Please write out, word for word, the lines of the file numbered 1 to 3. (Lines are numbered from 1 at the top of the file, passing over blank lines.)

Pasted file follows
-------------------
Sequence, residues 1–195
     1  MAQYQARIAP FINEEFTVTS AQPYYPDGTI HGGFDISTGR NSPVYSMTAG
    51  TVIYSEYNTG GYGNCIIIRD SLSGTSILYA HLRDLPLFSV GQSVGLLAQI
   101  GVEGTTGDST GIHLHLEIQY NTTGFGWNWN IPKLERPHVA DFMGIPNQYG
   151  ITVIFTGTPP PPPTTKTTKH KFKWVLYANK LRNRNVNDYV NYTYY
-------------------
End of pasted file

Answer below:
Sequence, residues 1–195
     1  MAQYQARIAP FINEEFTVTS AQPYYPDGTI HGGFDISTGR NSPVYSMTAG
    51  TVIYSEYNTG GYGNCIIIRD SLSGTSILYA HLRDLPLFSV GQSVGLLAQI